The Simmer Till Done management and advisory board – that would be me – is on a special-projects work break, so please enjoy these posts from the past, especially if they’re new to you. Thanks for visiting – and if you have a repeat request, by all means send it along.
Today we review a fortnight stab at my dream job, an experience which, if your dreams are too cloudy, hell is delighted to provide. The original September 2008 post, in all its whiny glory, can be found here.
A plate was flying toward me, so I ducked. “No sugar!” hissed Dieter, the headwaiter. “No….sugar!”
That was the night I mixed two soufflés – whip, fold, stir, I know how. I smiled when they left the kitchen and nearly choked when they came back wrong. When one orders a $17 dessert, one can expect sugar. I’d been an intern for fourteen days at this five-star restaurant – and between two botched soufflés and one smashed plate, I assumed I had about fourteen seconds left.
Second-year culinary students did internships, and this was the one for me – a place famous for gracious service and the second mortgage you’d need to eat there. There were a thousand city kitchens but I’d fought for this spot, and lobbied to win. It was plum, an expensive organic plum of a chance, and on the first day I laced my Doc Martens, tied back my hair and jumped.
Jumped fast, and fast was good. When you are the only woman in a cramped kitchen of men, it’s like working on a nuclear sub. Down in the lockers I learned to grab two towels, an apron, and get the hell out. In the darkest corners of the walk-in, I whistled loud and carried a peeler.
And on the line, I was invisible. “I’m here,” I told Mario, the pastry guy, “let me do something.”
He gave me a case of club soda and a stack of chargers, and I spent the day buffing Limoges. When I went for new plates, the dishwasher leered. He was a sulky, strung-out French cousin of a saucier’s cousin, but he smoked with the bakers and drank with the chefs. I prayed for a tragic scalding at the sink.
Though my shift started before noon and dragged past midnight, I began showing up early, when the produce arrived. Chef – the chef – would climb through the alley on wooden crates, pinching herbs and squeezing fruit. Safe behind the ovens, the pastry guys whispered and mocked.
“Oh yesss…yes, we must kiss the ass of every strawberry. Mwah!”
If I joined in - strawberry ass – ha ha, that’s good! – they turned and went back to work.
Without leadership and dying to be led, it occurred to me that Chef himself should be my teacher. He’d be flattered by questions, enchanted by curiosity, why yes, he’d say, but of course you are most natural. So much talent for one so young. And your shiny nose, tres chic. One morning I stood with my little notebook, watching him snap dough into onion tarts.
“Is that pate brisee?”
“For you it is NOTHING.”
“Go to hell. MOVE.”
Thanks, mon ami! I started stealing into the tiny fish kitchen, scaling three-foot tunas that hid me from view. In twenty years Alejandro had gone from dishwasher to fish boss – let’s see Le Dish Cousin do that – and his manner was shockingly kind. “They won’t let me do anything over there,” I whined, “they hate me.”
“You’ll make it.” Elbow-deep in sea bass, he yanked out some guts. “You will.”
Certainly I could make it as a plate shiner. Not counting club soda, I hadn’t touched an edible in seven working days. But just ten minutes before dinner on the eighth, Mario grumbled “you plate tonight.”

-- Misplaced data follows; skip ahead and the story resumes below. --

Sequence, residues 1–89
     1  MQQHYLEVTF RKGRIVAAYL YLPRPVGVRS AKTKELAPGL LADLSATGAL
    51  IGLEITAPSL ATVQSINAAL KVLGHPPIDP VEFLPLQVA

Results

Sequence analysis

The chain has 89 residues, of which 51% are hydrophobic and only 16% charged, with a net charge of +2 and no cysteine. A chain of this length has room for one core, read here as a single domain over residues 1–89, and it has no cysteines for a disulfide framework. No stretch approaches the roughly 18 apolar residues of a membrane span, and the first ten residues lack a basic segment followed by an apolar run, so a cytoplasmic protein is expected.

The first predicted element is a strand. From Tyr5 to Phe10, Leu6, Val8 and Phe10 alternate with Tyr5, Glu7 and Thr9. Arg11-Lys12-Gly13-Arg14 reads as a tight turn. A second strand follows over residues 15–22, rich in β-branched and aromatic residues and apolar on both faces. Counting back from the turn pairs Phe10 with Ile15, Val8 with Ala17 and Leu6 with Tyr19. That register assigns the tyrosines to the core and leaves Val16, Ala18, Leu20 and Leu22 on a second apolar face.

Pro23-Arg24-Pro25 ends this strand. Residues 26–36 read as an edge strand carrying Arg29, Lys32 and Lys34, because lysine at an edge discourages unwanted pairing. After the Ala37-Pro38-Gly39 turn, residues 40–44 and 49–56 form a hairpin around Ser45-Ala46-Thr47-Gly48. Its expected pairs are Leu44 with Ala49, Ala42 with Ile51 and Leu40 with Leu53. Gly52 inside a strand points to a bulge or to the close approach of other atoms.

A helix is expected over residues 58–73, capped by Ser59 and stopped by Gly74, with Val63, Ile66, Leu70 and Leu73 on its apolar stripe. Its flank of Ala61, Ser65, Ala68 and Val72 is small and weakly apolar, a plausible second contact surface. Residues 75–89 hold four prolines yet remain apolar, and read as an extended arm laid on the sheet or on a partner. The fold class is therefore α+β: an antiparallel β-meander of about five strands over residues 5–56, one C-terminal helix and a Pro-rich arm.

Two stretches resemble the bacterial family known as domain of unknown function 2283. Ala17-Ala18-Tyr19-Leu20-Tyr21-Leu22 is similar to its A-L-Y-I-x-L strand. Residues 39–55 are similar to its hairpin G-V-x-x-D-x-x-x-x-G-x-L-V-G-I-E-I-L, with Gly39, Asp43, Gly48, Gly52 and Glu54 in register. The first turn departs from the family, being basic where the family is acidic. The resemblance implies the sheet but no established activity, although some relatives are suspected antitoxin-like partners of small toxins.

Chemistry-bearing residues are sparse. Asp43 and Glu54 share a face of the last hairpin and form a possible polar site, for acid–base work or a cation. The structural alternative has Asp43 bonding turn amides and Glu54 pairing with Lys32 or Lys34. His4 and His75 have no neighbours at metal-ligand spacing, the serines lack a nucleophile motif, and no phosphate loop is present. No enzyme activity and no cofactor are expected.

My head swam. Desserts…now. Plate.
On the line. That’s what I wanted, right? I’d watched them all week, the battery of sauces and garnishes, tart shells and torches and berries. I test-plated a poppyseed tuile on the sly and it shattered to the floor. I kicked the pieces under the counter.
When the dessert rush hit I was nauseous. Tickets poured in and Mario barked orders while I frantically tore mint leaves, piped swirls, curled chocolate. Line work requires the hustle of a trader, the fight of a bull and in my case, a skin of steel that I did not have.
“Move, MOVE!” Dieter snarled. “I will not SERVE this SHIT!” For a man who resembled a cadaver, he was surprisingly alive. “Why so slow, PIGS?”
“Yo estoy solo!” Mario yelled. I am alone.
I spoke decent Spanish. I’m on the line and he says he’s alone.
“I’m trying!” I wiped my hands and grabbed the next plate. “Look, I’m on it!”
Thirty-seven desserts later, I was given a five-minute break and flew down to the locker room, drenched and shaking on the…ashes. Every cook, waiter, and busboy topped this floor with Marlboro butts. Maybe if I just started smoking.
I threw up over a trashcan. Then I sat on the floor, pressed my face on a locker and cried.
Four minutes later I was back on the line. I drove down empty Lake Shore Drive at two a.m. each day and returned at ten a.m. the next. My body found a new brand of numb; even my skin hurt from the daily rounds of try, scream, fail. Maybe I did not have what it takes. Maybe I did not want what it took.
For two weeks, every man over twelve and under eighty welcomed me with open arms – hairy arms. Each night I worked between three dripping necks, boasting in three languages over my head what they’d like to do with me, for me, to me.
The day that Dieter fired a sugarless soufflé at my head I untied my apron, hung it on the peg and walked out to the night.
I sat five minutes in the car, breathing frost in my wet, filthy whites. The restaurant window showed in my rearview mirror, catching a diner raising her glass and a man clinking it, smiling. I yanked down my hair and sped off to the highway, thinking quitter. You burned your fancy bridges. Schooling was what I’d come for and schooling was what I got. I would quit my way into a different kind of kitchen, reasoning that if this was it, what I had was something else.